Lot 6
  • 6

Franz von Stuck

300,000 - 500,000 GBP
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  • Franz Von Stuck
  • The Dragon Slayer
  • signed and dated FRANZ / VON / STUCK / 1913 lower right
  • oil on panel
  • 135 by 126cm., 53¼ by 49½in.


Curt Berger, Leipzig
Acquired in Leipzig by the grandfather of the present owner in the late 1960s; thence by descent


Stuttgart, Grosse Kunstausstellung, 1913, no. 65
Munich, Secessionausstellung, 1914, no. 236


Die Kunst für Alle, vol. 28, 1912/13, p. 519
'Kunstchronik', Zeitschrift für bildende Kunst, Neue Folge, Leipzig, vol. 24, 1912-13, p. 522
Hermann Tafel, 'Grosse Kunstausstellung in Stuttgart', in Die Kunst, Munich, 1913, vol. 27, p. 519, discussed
Die Kunst für Alle, vol. 31, 1915/16, p. 2, illustrated, p. 9, mentioned
Fritz von Ostini, 'Neue Arbeiten von Franz von Stuck', in Die Kunst, Munich, 1916, vol. 33, p. 2, illustrated; p. 9, described
Heinrich Voss, Franz von Stuck 1863-1928. Werkkatalog der Gemälde, Munich, 1973, p. 195, illustrated; p. 301, catalogued, no. 430/79


The following condition report has been provided by Hamish Dewar Ltd, 13 & 14 Mason's Yard, London SW1Y 6BU: UNCONDITIONAL AND WITHOUT PREJUDICE Structural Condition The artist's panel has four horizontal batons attached to the reverse. This is providing an even and stable structural support. There is an inscription on the reverse of the panel. Paint Surface The paint surface has a relatively uneven varnish layer. There are small scattered losses within the purple feathers of the man's helmet and several further losses within his face and hair. The paint surface has scattered accretions and small spotty disturbances to the varnish. There is a pattern of fine vertical lines of craquelure within the blue pigments in the upper right quadrant of the composition. These appear entirely stable and are not visually distracting. Inspection under ultra-violet light shows a yellowed and opaque varnish layer. Inspection under ultra-violet light also shows small scattered retouchings within the purple feather of the helmet, a retouching on the man's cheek, an area on the female figure's left arm, and a few further small scattered spots. It should be noted that due to the opaque nature of the varnish layers it is difficult to ascertain the extent of any previous restoration work. Summary The painting would therefore appear to be in good and stable condition and would benefit from cleaning, restoration and revarnishing.
"This lot is offered for sale subject to Sotheby's Conditions of Business, which are available on request and printed in Sotheby's sale catalogues. The independent reports contained in this document are provided for prospective bidders' information only and without warranty by Sotheby's or the Seller."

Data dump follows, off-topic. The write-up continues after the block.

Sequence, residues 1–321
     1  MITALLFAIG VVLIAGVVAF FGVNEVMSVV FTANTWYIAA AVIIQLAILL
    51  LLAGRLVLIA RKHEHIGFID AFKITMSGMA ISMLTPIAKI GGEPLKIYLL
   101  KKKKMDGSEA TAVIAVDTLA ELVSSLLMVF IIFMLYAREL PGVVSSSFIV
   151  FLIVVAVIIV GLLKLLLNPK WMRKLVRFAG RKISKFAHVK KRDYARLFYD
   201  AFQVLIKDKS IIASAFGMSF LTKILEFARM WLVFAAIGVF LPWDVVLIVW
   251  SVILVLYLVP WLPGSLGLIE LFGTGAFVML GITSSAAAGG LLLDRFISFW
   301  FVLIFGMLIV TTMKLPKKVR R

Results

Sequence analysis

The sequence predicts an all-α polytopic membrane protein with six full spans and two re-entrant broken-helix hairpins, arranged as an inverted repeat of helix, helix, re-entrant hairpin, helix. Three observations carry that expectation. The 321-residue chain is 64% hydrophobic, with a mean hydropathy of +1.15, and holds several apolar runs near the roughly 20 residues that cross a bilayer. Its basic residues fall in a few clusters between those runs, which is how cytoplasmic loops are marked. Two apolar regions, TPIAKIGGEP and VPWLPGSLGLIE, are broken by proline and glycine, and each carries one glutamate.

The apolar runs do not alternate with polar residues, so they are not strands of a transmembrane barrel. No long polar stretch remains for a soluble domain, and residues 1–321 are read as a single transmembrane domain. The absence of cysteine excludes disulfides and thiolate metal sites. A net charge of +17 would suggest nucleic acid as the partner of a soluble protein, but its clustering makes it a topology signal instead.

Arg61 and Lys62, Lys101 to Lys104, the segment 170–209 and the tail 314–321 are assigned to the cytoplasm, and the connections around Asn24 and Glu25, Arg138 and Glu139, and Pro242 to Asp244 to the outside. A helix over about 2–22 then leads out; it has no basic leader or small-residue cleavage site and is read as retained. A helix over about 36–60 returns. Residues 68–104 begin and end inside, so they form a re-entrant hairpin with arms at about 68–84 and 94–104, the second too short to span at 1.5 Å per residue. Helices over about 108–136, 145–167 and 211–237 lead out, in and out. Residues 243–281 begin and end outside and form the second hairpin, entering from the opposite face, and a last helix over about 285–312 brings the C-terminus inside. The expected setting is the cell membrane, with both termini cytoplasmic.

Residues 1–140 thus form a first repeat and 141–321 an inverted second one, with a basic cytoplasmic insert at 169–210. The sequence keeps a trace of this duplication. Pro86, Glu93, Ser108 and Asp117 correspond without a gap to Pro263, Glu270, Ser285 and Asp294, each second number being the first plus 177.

Catalogue Note

The Dragon Slayer is a particularly charged rendition of an age-old theme. Although most of Stuck's paintings depict scenes from the Antique or the Bible, neither the title The Dragon Slayer nor the iconography reveal the exact story behind the present work. Stuck's fascination with Greek legends suggests the subject to be Perseus and Andromeda, although Medusa's head and Perseus's winged shoes are missing. As early as 1900 Stuck’s contemporary, Lovis Corinth (lots 3, 4 & 5), had painted the hero as a medieval knight rather than a Greek half-god, and his Perseus and Andromeda may have been a possible source of inspiration for the present work. Another obvious influence would have been the biblical story of St. George, who kills the dragon to save a virgin.

Whichever myth the artist intended, The Dragon Slayer is shrouded in an unquestionably erotic aura which is typical for Stuck's mythologizing work. As in others of his paintings, the original meaning of the story, the fight against the dragon and the victory of good over evil, has been replaced by something much more modern for Stuck's time: the relationship between the sexes. The dragon, in former iconographic tradition the main motif, is here relegated, quite literally, to the side lines, while the focus is on the figures' embrace.

Influenced by the texts of Sigmund Freud, Stuck often depicted woman as dangerous, independent and predatory. This is probably most obvious in his depictions of the sphinx, however the subtext is very much present in this painting. While the man's attention is solely focused on the woman as he holds her protectively, her gaze is enigmatically outward towards the viewer.